Dopaminergic, serotonergic, and oxytonergic candidate genes associated with infant attachment security and disorganization? in search of main and interaction effects
Background and methods: In two birth cohort studies with genetic, sensitive parenting, and attachment data of more than 1,000 infants in total, we tested main and interaction effects of candidate genes involved in the dopamine, serotonin, and oxytocin systems (DRD4, DRD2, COMT, 5-HTT, OXTR) on attachment security and disorganization. Parenting was assessed using observational rating scales for parental sensitivity (Ainsworth, Bell, & Stayton, 1974), and infant attachment was assessed with the Strange Situation Procedure. Results: We found no consistent additive genetic associations for attachment security and attachment disorganization. However, specific tests revealed evidence for a codominant risk model for COMT Val158Met, consistent across both samples. Children with the Val/Met genotype showed higher disorganization scores (combined effect size d =.22, CI =.10-.34, p <.001). Gene-by-environment interaction effects were not replicable across the two samples. Conclusions: This unexpected finding might be explained by a broader range of plasticity in heterozygotes, which may increase susceptibility to environmental influences or to dysregulation of emotional arousal. This study is unique in combining the two largest attachment cohorts with molecular genetic and observed rearing environment data to date.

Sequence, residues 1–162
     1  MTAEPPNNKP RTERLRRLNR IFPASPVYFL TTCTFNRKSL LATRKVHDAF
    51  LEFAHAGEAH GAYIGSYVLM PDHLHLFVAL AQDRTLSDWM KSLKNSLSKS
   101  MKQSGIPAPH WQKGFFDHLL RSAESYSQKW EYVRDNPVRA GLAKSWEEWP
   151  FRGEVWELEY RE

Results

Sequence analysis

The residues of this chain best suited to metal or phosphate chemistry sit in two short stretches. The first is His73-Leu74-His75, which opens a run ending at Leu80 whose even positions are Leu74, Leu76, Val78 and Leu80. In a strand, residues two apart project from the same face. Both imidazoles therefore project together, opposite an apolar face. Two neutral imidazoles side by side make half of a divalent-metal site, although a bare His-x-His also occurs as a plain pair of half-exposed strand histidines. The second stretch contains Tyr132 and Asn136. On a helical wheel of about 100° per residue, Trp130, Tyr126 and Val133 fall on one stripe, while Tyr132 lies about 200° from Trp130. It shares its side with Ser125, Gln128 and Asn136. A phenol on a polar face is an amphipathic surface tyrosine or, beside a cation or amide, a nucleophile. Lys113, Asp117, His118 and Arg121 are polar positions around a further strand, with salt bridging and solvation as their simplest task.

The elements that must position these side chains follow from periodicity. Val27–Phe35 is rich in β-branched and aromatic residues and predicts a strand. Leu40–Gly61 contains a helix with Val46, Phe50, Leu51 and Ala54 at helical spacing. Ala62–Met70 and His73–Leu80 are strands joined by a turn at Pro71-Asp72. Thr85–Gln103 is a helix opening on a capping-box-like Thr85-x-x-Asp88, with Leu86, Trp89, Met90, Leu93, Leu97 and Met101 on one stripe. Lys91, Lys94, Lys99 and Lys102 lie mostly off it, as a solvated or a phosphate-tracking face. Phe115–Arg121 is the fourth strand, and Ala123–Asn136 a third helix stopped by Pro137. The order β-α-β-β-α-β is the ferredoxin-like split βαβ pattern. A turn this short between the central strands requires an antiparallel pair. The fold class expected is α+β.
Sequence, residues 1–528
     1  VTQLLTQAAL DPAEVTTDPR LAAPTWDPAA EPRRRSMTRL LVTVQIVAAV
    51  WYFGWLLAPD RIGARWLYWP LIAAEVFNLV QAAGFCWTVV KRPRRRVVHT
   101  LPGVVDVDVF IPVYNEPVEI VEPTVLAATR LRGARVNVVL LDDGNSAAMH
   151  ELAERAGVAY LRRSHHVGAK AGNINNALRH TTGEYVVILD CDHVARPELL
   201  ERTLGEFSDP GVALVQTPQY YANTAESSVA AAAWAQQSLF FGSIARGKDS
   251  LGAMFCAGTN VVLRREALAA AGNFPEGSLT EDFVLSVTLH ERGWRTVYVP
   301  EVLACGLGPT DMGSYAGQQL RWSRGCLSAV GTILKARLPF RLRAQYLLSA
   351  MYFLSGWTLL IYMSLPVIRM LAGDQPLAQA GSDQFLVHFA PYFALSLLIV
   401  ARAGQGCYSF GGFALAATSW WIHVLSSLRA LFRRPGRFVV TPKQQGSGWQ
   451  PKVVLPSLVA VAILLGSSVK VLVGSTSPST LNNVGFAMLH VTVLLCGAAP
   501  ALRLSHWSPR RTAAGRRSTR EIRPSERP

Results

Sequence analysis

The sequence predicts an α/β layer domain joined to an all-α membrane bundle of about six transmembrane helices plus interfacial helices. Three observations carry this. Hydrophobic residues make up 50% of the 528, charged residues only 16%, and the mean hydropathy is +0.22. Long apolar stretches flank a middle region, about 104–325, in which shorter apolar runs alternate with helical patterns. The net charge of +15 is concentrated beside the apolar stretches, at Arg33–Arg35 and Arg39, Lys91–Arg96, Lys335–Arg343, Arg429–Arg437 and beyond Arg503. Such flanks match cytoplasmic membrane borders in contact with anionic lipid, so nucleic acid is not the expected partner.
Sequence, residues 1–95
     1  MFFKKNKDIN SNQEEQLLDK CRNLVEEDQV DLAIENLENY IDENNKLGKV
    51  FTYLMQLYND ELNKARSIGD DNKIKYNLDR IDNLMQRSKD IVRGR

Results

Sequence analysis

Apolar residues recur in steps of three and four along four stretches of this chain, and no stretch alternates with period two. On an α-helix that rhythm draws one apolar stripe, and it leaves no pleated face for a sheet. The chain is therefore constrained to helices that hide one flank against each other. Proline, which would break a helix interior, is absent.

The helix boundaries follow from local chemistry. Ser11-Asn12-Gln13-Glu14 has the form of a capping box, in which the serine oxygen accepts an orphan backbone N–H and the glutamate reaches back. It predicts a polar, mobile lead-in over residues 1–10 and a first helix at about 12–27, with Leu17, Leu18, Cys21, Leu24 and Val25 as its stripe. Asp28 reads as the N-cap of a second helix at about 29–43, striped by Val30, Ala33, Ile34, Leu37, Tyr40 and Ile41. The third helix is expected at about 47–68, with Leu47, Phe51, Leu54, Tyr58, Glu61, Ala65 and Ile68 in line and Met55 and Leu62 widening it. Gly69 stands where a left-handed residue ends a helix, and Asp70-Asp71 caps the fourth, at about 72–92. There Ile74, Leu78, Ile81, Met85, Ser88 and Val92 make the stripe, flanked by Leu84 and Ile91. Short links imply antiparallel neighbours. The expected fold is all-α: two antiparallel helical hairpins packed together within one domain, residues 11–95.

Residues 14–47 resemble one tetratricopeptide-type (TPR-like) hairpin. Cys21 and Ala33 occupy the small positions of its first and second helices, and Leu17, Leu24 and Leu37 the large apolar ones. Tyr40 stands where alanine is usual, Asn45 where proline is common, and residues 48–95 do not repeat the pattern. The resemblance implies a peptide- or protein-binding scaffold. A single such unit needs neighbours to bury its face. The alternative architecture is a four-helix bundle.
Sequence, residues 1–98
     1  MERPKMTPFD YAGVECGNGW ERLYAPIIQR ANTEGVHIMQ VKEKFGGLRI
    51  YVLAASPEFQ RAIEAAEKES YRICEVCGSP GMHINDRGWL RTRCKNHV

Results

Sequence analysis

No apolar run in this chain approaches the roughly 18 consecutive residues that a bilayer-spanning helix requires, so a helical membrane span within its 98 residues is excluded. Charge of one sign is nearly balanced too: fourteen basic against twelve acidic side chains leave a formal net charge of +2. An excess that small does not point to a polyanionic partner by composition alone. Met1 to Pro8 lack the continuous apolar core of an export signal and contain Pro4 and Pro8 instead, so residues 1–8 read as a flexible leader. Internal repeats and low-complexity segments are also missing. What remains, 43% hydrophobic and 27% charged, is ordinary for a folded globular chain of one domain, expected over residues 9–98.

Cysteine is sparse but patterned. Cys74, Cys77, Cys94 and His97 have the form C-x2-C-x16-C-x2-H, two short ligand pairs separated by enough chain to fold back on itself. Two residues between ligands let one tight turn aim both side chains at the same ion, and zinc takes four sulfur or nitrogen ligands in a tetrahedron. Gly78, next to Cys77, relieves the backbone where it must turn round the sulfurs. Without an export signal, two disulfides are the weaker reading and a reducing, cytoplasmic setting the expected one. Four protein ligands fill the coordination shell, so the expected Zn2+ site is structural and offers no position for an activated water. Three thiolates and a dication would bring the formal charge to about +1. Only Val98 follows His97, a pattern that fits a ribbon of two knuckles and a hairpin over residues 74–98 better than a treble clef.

|Keywords||Attachment, G × E, Strange Situation Procedure, candidate genes, parenting, sensitivity|
|Persistent URL||dx.doi.org/10.1111/j.1469-7610.2011.02440.x, hdl.handle.net/1765/33202|
|Journal||Journal of Child Psychology and Psychiatry|
Luijk, P.C.M, Roisman, G.I, Haltigan, J.D, Tiemeier, H.W, Booth-Laforce, C, van IJzendoorn, M.H, … Bakermans-Kranenburg, M.J. (2011). Dopaminergic, serotonergic, and oxytonergic candidate genes associated with infant attachment security and disorganization? in search of main and interaction effects. Journal of Child Psychology and Psychiatry, 52(12), 1295–1307. doi:10.1111/j.1469-7610.2011.02440.x